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Do Astra Superior Platinum DE Blades Really Have a Platinum Coating?

When coatings of any type are applied to a razor blades, they are not applied to the entire surface of the blade. They are only applied to the apex of each edge. Remember that the blade at it apex is less than 1 micron thick. That is 1 thousandth of a millimeter or 1 millionth of a meter. Even smaller is a nanometer which is 1 thousandth of a micron. A platinum atom has a size of only 0.14 nanometers, so a platinum coating might only be a few nanometers thick.

Optical microscopes are limited in resolution by the wavelength of light, which is 380 (violet) to 700 (red) nanometers. Thus, a white light microscope will be limited in resolution to about 500 nanometers or about 0.5 microns. A 12K Naniwa stone will have grit of approximately 0.8-1 micron in size, so you will be able to see the scratches left behind. If you use a Suehiro Gokumyo 20K or Shapton Glass 30K stone, these are rated at 0.5 micron, so they will produce a mirror finish under an optical microscope as this is approximately the resolution of the microscope. However, I find that my face can distinguish a 0.5 micron edge from one polished with even finer 0.25 and 0.1 micron abrasives, even though the appearance is the same.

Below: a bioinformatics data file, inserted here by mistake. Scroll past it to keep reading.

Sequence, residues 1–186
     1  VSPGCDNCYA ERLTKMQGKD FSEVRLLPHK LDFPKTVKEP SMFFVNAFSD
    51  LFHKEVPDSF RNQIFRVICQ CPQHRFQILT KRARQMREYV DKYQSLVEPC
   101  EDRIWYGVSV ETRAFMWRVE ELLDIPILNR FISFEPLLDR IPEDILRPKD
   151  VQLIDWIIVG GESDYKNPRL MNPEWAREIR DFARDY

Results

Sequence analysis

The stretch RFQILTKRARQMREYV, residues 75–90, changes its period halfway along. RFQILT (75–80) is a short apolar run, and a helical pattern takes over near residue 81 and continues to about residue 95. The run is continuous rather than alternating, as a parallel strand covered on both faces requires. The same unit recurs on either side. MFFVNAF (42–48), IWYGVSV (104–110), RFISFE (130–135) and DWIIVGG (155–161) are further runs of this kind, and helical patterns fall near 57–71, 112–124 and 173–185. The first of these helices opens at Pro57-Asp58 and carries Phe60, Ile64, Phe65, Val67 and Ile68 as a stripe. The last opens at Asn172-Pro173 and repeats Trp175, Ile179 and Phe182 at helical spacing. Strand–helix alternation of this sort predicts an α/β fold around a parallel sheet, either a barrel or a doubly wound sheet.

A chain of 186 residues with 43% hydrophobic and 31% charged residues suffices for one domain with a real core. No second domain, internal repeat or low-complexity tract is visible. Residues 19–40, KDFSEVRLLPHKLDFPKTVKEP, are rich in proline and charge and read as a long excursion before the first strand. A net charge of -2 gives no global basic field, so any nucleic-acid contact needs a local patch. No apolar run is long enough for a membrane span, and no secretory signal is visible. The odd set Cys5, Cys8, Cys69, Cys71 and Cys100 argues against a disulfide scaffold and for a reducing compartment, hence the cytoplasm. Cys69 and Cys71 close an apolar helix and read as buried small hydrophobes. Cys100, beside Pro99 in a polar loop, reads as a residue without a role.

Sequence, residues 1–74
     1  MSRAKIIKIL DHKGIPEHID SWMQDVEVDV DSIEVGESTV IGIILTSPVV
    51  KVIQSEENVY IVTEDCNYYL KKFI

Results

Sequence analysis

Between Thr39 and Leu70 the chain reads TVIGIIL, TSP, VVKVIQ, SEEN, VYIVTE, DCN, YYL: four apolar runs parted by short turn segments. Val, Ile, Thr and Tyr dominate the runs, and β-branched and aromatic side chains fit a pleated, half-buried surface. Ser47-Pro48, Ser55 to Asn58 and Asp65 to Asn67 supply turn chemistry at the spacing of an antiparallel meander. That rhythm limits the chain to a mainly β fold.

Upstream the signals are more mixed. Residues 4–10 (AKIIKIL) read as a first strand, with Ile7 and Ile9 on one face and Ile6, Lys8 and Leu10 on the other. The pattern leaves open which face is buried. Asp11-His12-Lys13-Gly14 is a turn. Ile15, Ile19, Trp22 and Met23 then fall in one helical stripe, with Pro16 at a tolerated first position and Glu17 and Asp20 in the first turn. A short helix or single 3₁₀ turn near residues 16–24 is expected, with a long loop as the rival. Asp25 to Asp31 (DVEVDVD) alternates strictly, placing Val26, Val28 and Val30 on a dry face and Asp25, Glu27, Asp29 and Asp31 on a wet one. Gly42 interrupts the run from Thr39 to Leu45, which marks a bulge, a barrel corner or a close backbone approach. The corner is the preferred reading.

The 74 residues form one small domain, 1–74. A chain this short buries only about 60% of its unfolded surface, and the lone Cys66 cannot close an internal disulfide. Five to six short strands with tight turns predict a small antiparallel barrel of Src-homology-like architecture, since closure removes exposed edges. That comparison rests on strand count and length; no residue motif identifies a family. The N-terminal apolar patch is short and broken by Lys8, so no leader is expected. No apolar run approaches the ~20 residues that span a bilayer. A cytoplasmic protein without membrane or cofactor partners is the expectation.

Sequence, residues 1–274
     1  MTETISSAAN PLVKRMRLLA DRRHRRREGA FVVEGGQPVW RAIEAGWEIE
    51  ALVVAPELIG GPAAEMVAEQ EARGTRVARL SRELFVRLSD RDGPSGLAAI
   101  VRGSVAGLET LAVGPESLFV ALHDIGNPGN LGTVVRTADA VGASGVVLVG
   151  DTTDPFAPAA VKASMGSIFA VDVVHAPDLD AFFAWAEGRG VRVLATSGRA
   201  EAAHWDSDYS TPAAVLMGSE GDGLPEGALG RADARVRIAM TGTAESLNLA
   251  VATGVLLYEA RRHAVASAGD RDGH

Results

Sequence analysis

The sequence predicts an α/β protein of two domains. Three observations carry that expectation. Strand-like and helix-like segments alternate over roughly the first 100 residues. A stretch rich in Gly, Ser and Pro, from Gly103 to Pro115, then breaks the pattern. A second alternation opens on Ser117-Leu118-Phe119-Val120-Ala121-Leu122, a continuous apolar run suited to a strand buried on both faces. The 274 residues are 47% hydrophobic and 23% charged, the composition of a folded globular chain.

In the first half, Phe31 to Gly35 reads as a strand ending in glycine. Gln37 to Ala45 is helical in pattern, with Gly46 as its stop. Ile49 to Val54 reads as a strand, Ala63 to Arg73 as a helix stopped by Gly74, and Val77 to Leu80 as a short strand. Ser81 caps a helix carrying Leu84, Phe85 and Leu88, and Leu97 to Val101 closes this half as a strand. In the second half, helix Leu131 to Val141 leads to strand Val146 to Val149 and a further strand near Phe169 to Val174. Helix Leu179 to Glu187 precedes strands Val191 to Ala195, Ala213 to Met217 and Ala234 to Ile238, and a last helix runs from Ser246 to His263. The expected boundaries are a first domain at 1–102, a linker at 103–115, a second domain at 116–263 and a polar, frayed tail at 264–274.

A scanning electron microscope (SEM), depending upon its quality has a resolution of 0.5 - 4 nanometers. Thus, depending upon the SEM used, it might not detect a platinum layer if it is only a few molecules thick. To be effective, the edge of the razor blade has to be properly sharpened and polished prior to applying the platinum coating. If the edge is not properly sharpened, the platinum will do no good. You might have heard the old adage that after applying lipstick to a pig, it is still a pig. Some blades are pigs; just because a blade is platinum coated, it does not make it a great blade. That is why I look at the performance of the blade, not whether it is platinum coated.
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